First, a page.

How do widespread public health crises affect political behavior? This article examines the impact of the 2014 West African Ebola outbreak on political participation in Sierra Leone. In addition to the effects observed following conflict and natural disasters, I present evidence that hardship brought on by the outbreak of Ebola virus disease (EVD) substantially decreased participation in civic affairs, measured in self-reported political activity using data from an Afrobarometer survey conducted near the end of the outbreak. To account for selection and endogeneity concerns, I undertake falsification and coefficient stability approaches in addition to controlling for levels of political activity in the 2012 national election. The negative effect seems driven in part by a reduction in trust and perceived performance of traditional institutions and not from an increase in economic insecurity, highlighting the role of external efficacy rather than resource-based mechanisms in mediating the relationship between exposure to the disease and participation.
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Note that while much of the literature uses the terms “political participation” and “political engagement” interchangeably, I distinguish between the two here. Conceptually, I refer to participation as actual behaviors (e.g., voting, attending community meetings) and use engagement to refer to self-reported interest in political and public affairs.
This particular definition corresponds to external efficacy rather than internal efficacy or the degree to which an individual feels that he or she is able to influence social change through participation in existing institutions. For an overview, see Craig and Maggiotto (1982).
Although it would not be surprising to observe changes in educational choices of individuals moving forward.
However, this does not appear to translate into reduced participation as they also find that exposure to the earthquake was associated with an increase in similar measures of participation to those I employ here. These divergent findings may be due to the fact that the proxy they use to measure exposure is likely correlated with traumatic experiences as well as hardship.
This is based on chiefdom-level incidence date pulled from Fang et al. (2016) replication data.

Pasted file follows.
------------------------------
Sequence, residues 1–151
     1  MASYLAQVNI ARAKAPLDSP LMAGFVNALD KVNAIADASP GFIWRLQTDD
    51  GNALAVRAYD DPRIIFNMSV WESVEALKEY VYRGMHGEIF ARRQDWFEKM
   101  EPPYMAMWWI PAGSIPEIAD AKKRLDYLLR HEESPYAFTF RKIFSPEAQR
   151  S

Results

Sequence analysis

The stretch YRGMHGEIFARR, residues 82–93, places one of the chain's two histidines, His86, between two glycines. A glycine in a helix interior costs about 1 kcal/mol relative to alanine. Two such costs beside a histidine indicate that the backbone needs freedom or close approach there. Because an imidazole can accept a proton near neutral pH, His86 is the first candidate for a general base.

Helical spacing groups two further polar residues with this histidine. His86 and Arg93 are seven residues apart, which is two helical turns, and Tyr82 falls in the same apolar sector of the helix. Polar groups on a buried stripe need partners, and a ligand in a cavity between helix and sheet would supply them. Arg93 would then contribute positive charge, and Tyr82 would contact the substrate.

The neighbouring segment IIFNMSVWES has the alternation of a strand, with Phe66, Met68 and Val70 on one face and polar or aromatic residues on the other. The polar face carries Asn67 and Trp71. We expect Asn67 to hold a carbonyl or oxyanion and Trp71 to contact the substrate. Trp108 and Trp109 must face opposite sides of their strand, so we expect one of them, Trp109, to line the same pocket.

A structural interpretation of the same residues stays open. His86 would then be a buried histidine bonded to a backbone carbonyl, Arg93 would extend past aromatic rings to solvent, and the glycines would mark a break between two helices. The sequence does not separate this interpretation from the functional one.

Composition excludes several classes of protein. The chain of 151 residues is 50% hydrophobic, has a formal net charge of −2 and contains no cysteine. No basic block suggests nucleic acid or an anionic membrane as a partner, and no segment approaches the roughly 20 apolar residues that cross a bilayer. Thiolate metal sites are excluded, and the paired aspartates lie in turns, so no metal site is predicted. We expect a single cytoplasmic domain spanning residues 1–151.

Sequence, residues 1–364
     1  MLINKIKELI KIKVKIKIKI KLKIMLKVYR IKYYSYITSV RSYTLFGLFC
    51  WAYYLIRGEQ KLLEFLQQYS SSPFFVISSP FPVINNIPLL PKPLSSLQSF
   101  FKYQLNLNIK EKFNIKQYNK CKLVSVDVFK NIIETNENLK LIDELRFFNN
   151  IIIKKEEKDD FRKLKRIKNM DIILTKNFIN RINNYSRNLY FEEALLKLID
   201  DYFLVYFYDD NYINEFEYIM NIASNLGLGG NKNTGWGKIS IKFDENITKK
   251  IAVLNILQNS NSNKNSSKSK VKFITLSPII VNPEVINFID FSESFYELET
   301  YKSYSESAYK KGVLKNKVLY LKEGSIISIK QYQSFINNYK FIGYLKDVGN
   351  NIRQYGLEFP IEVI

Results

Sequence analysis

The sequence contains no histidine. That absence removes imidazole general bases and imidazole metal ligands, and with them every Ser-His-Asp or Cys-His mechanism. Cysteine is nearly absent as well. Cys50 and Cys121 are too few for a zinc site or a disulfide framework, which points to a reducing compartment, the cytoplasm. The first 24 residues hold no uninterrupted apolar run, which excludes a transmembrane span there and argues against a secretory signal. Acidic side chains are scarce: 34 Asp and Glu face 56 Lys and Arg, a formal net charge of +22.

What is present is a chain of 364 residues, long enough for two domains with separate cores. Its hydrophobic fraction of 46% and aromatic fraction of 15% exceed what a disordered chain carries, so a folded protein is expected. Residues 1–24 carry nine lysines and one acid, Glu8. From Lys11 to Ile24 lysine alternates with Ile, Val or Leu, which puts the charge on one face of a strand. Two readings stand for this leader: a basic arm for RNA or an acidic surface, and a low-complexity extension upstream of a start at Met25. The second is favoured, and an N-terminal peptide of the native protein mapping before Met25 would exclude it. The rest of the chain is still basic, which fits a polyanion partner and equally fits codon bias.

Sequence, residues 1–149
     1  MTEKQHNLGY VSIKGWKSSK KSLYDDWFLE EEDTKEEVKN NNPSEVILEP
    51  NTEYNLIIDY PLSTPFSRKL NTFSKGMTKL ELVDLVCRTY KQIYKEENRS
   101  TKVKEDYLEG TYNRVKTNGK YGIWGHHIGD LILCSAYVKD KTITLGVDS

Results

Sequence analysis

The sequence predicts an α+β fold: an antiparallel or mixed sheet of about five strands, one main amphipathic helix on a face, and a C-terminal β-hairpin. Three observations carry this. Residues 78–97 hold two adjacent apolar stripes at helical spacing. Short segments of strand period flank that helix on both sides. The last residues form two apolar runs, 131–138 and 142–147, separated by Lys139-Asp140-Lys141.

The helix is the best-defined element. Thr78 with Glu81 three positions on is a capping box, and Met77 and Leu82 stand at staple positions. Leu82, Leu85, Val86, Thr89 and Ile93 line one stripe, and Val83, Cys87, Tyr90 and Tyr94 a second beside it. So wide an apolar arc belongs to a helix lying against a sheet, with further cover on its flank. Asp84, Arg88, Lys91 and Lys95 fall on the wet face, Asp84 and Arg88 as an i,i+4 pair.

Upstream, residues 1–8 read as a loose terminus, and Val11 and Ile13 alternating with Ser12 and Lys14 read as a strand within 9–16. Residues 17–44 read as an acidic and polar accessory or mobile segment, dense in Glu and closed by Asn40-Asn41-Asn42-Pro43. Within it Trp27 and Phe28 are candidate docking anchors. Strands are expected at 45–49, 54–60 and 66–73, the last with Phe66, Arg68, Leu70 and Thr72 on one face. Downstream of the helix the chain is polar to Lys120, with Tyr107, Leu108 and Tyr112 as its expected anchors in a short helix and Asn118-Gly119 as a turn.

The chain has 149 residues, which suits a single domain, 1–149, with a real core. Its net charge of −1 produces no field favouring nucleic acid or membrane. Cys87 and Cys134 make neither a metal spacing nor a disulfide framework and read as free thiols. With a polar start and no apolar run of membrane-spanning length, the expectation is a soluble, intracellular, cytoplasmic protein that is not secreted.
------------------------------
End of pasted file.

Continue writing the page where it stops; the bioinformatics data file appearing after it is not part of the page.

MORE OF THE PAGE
Regressions without survey weights and alternative standard errors are also presented in the appendix (Table B.3), though the results are qualitatively similar throughout; directionality and magnitude are consistent to approximately two decimal points in most regressions.
It might be concerning that the inclusion of PSU fixed effects does not do more to diminish the coefficient, given that one might assume that levels of Ebola exposure are likely to be highly collinear within PSU. However, even within villages there was significant variation in exposure to the disease.
Of course, we have relatively little literature to which we can compare; much of the existing literature examines outcomes several years or even decades after the initial shock. Bauer et al. (2016) find that the effects of conflict exposure on measures of altruism appear to be increasing over time, but their meta-analysis includes only two studies that are within 2 years of the initial conflict.
I also employ a coarsened exact matching (CEM) approach (Iacus et al. 2012) using the package provided by Blackwell et al. (2009). These results are found in Table B.11. However measured, hardship remains statistically and negatively related to participation even in a sample matched on the relevant demographic characteristics.
F = 2.23 for the measure of direct exposure, and F = 2.18 for the measure of hardship.
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Thanks to Jake Shapiro, Leonard Wantchekon, Saurabh Pant, Manu Singh, Zara Riaz, and Gus Shapiro for helpful comments during a presentation of early results. Additional thanks to Michael Bratton for helpful comments during revision for publication as part of Afrobarometer’s Working Paper Series and three anonymous reviewers.
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Crisman, B. Disease, Disaster, and Disengagement: Ebola and Political Participation in Sierra Leone. St Comp Int Dev 55, 328–353 (2020). https://doi.org/10.1007/s12116-020-09300-x
- Political participation
- Civic engagement
- External efficacy